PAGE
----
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The Summer Institute in the Arts & Humanities
The 2005 Institute
Becoming Strangers: Travel, Trust, and Collaboration
June 21st - August 11th, 2005
Most of us depend on habit to get us through our daily lives. We presume that the food bought in a grocery store won't poison us; we take for granted that other cars will make space for us when merging on the highway; we trust our employers to pay us for our services rendered; we believe that classes ought to start at the time listed in the course catalog. Habits so thoroughly saturate what we do and how we do it that we tend to forget about them - until we find ourselves in situations where outpilot doesn't suffice. Then we can feel uncertain, betrayed, or on occasion exhilarated. And, in our globalized, mobile, hybrid, networked world, these moments of vertigo are ever more common. Only hermits can thoroughly insulate themselves from the shocks and eddies of new experiences, from other ways of thinking and presuming.
This institute will be pondering occasions when everydayness gives way to oddity, strangeness, and unfamiliarity. More specifically, we will be examining scenarios in which people deliberately venture beyond their comfort zone, risking vulnerability in quest of novelty. We will be inquiring into what modes of knowing, what kinds of affect, and what sorts of dangers characterize the dis-ease of encountering the truly unforseen. Travel will be central to our discussions, insofar as movement through space can serve as a paradigm for leaving behind the familiar, but we will also be discussing how the artistic process itself can serve as a model for "making one's home strange," that is, a means of doffing habit and newly, freshly perceiving the world around us. Finally we will be exploring the interpersonal dimension of these voyages into the unknown: what kinds of relationship - of trust, of fear, of rivalry, of welcome, of longing - characterize interchange between "strangers"? Can one truly learn to see (or see oneself) through another's eyes?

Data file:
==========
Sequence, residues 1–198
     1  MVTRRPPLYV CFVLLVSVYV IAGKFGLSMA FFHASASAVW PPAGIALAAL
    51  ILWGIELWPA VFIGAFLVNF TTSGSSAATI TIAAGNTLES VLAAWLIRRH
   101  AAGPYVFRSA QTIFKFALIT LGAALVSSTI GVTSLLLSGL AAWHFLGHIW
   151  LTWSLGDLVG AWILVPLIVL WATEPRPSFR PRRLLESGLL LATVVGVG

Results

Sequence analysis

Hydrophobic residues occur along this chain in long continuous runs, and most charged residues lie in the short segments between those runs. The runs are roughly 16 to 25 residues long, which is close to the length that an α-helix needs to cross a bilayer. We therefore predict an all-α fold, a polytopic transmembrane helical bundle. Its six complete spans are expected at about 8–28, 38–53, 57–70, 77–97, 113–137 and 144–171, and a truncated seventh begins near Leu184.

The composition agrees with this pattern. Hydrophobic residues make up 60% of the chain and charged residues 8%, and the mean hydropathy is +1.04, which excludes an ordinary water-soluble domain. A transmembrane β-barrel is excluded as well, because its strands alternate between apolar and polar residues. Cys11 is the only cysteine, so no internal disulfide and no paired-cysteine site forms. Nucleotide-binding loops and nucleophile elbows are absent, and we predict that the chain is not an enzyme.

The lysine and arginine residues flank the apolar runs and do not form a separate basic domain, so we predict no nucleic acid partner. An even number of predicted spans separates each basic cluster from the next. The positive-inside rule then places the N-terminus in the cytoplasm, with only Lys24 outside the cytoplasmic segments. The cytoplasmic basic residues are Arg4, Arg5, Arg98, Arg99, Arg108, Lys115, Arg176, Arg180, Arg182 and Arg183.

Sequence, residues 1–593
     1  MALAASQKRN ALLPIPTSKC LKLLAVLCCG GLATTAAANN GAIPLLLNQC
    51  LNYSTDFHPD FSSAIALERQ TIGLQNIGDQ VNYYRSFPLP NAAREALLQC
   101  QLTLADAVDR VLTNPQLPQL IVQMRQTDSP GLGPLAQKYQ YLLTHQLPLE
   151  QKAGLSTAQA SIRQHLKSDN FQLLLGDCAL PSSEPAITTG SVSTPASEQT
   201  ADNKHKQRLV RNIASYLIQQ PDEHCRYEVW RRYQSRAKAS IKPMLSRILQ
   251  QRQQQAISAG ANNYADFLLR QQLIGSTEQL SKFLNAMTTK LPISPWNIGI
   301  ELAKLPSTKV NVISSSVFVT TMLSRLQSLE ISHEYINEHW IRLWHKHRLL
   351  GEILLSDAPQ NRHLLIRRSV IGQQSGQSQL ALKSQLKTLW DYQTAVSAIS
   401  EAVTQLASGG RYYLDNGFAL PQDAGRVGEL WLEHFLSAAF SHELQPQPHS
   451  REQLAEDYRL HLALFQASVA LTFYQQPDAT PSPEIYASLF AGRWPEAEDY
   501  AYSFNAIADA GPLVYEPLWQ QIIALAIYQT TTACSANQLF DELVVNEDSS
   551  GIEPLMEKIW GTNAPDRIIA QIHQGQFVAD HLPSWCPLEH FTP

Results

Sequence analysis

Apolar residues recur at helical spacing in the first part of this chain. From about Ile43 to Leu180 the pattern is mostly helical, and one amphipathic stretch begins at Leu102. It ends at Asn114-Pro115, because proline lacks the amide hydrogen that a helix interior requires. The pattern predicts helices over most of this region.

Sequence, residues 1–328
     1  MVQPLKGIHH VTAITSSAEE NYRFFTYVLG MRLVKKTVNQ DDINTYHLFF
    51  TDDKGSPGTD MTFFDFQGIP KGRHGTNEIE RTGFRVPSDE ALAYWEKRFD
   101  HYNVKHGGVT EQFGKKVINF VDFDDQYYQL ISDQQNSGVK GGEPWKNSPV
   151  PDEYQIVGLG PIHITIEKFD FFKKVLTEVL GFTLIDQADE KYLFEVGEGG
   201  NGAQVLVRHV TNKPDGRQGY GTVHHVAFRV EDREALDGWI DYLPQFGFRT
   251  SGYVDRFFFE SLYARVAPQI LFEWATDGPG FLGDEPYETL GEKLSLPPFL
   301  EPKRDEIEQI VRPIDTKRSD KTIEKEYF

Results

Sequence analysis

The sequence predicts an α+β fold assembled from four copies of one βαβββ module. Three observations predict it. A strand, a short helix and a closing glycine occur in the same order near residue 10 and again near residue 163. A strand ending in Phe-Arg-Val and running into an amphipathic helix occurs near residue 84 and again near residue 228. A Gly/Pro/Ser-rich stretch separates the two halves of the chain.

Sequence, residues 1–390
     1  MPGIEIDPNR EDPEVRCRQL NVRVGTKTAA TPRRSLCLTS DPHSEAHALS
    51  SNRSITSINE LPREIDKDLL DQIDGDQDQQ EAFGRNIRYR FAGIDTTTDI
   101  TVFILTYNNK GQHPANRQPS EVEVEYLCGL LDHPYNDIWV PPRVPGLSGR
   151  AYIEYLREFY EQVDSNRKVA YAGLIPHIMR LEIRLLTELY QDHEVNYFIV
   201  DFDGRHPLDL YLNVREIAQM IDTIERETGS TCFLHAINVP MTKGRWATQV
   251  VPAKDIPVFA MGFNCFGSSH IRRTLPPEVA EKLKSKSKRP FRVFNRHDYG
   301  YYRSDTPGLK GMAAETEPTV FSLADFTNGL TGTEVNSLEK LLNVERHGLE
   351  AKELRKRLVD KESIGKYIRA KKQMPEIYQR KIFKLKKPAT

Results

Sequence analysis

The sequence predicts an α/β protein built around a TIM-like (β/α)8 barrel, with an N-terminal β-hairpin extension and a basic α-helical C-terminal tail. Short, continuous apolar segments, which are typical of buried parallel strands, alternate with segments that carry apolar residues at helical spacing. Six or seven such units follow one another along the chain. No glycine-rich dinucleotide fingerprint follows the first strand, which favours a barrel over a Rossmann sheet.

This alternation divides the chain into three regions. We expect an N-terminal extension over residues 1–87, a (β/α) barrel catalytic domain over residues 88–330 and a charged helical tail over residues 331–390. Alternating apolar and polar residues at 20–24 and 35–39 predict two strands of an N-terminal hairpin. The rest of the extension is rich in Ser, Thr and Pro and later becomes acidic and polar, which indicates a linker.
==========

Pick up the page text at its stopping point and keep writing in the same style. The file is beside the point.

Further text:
This eight week intensive institute, taught by an artist (Ellen Garvens), a scholar in poetics and literary criticism (Brian Reed), and a historian of science and technology (Phillip Thurtle), provides an innovative and interdisciplinary approach to understanding the important of "strange encounters" as a literary, artistic, and critical theme. We will begin by developing an understanding of what constitutes "strangeness": how it has been defined and conceptualized by academic researchers, practitioners, artists, and laypeople. Through an innovative mix of plenary, seminar, and tutorial style sessions the institute will encourage co-operative learning, project-based exploration of materials, and the development of individual thought and expression. Readings will be chosen from the disciplines of cultural studies, art, art history, literary criticism, and social theory. Students will be encouraged to use their experiences in lecture and discussion to come up with a conceptual and practical "toolbox" for exploring the rich critical theoretical terrain of trust, travel, and cooperation. Finally, working on their own, in small groups, and with individual faculty members, institute participants will use this toolbox to develop an exemplary piece of research that will allow them to demonstrate their full talents to postgraduate or professional programs. Possible projects might include but are not limited to: representations of travel (in art, literature, critical theory); the role of the stranger and the act of welcoming; becoming strangers for strangers; betrayal as a literary, artistic, or historical-political event; the relationship between habit and technology in contemporary society; and trustful openness toward an unknown future. The Institute will culminate in a series of presentations and in the publication of an anthology of student research in the arts and humanities.
The Fourth Annual, 2005 UW Summer Institute in the Arts & Humanities at the University of Washington was sponsored by Undergraduate Academic Affairs , the Simpson Center for the Humanities , the Office of Research , Summer Quarter , the Undergraduate Research Program , and the Mary Gates Endowment for Students .